Though it’s been updated in many ways, Activision has gone to some pains here to avoid re-vamping the franchise to the point of alienating fans, and it has been treated with obvious respect. ‘Lost Expedition’ stays pretty true to Pitfall’s original gameplay formula of running and jumping puzzles, vine swinging, and treasure hunting, but adds several new dynamics to the mix, such as climbing and scaling walls and cliffs, and even rescuing a damsel in distress, as well as other explorers and comrades who provide Harry with gear they’ve salvaged from the plane wreck. For the first time since ‘Super Pitfall’, Harry’s long-standing friend “Quickclaw” shows up to help; though as a jaguar this time whereas he was originally a mountain lion. His presence is not just cursory either; after discovering early on that he’s…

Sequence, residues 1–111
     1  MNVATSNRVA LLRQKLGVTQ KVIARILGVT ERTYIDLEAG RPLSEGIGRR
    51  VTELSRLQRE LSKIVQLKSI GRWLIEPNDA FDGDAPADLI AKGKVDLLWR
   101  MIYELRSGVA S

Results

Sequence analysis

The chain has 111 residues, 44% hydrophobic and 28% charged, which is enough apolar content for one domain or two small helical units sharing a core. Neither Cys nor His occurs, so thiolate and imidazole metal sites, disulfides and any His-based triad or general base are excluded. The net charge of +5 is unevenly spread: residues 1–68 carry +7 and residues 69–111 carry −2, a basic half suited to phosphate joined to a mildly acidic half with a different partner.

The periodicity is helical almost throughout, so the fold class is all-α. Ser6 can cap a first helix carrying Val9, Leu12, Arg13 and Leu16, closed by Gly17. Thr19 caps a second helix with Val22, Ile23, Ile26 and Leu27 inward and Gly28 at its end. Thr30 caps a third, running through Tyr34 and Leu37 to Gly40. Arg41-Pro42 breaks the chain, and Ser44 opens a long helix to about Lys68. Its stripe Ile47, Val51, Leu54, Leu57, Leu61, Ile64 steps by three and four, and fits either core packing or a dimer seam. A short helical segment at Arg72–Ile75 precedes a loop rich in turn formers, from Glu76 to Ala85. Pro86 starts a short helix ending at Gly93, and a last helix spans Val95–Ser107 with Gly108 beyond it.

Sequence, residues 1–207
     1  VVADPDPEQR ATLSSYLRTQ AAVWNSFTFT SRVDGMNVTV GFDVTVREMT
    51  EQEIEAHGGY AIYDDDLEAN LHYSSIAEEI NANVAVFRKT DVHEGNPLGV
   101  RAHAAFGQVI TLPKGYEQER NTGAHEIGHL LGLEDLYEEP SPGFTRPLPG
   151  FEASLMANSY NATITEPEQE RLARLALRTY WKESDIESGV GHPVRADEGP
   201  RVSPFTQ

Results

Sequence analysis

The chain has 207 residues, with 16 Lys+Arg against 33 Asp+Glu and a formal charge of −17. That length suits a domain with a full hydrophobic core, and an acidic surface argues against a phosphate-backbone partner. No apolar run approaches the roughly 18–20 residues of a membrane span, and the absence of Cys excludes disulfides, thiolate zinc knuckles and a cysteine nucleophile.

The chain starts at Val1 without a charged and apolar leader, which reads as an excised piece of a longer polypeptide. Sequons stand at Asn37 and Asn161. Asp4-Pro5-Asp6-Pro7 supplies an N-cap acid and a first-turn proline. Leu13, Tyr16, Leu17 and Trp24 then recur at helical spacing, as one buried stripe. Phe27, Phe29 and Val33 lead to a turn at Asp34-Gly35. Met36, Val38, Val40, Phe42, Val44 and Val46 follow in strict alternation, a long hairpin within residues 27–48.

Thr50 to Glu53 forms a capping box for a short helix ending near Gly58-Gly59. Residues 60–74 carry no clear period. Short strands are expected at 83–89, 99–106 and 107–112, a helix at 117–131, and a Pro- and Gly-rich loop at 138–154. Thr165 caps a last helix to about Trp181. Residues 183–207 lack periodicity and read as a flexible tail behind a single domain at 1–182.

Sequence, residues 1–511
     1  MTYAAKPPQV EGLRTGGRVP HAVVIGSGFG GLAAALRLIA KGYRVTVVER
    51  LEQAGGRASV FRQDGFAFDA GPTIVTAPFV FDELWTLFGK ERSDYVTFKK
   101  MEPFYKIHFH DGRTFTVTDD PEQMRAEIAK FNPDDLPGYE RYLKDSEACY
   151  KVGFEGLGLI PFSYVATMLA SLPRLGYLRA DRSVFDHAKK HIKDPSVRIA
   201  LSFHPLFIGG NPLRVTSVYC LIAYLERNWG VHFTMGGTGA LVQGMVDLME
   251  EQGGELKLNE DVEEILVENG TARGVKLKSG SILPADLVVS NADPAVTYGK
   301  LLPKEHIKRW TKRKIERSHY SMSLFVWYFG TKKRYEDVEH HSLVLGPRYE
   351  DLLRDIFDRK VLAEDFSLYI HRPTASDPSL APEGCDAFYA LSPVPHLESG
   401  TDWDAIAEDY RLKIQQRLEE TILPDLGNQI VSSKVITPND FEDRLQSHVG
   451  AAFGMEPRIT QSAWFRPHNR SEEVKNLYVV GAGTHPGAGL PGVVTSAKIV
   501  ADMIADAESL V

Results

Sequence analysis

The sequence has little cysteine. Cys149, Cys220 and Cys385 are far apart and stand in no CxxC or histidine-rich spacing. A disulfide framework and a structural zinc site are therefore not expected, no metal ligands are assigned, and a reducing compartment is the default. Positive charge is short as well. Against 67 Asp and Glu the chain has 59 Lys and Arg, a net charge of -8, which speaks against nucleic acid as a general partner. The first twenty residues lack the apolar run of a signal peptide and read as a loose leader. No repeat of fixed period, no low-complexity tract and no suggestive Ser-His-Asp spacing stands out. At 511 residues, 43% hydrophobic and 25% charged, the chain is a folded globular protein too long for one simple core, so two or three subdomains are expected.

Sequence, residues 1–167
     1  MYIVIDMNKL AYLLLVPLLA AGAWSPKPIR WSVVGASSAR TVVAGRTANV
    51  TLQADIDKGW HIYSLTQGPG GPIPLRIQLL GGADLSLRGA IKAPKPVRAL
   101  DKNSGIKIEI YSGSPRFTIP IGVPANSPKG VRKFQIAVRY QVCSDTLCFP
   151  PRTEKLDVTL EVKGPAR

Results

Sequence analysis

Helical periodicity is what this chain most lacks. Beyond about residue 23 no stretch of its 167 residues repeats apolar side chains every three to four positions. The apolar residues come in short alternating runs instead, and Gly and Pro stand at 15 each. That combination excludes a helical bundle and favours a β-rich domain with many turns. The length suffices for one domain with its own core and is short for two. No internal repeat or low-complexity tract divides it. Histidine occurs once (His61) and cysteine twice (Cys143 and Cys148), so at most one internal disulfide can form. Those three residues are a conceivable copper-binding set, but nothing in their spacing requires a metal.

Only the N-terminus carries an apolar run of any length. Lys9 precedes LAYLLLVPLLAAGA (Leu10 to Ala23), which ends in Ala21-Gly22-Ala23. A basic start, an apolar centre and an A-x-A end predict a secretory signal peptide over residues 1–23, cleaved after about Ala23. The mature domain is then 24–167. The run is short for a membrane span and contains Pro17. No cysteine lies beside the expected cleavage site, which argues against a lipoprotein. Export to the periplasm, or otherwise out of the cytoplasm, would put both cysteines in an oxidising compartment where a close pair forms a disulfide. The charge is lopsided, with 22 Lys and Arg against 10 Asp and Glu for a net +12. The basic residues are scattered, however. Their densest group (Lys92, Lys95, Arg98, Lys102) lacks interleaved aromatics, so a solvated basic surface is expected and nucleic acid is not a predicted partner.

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  2. 1 of 1 people found the following review helpful
    5.0 out of 5 stars
    Old game still fun, December 30, 2010
    By 
    sam

    = Fun:4.0 out of 5 stars 
    Amazon Verified Purchase(What’s this?)
    This review is from: Pitfall: The Lost Expedition (CD-ROM)

    I had this game when I had an Atari system. Fun then, still fun now. It is made for xp so the graphics are not great, I am running it on win 7 64 in compatability mode. Mouse isn’t recognized so it is just me and the keyboard. quirky, but fun.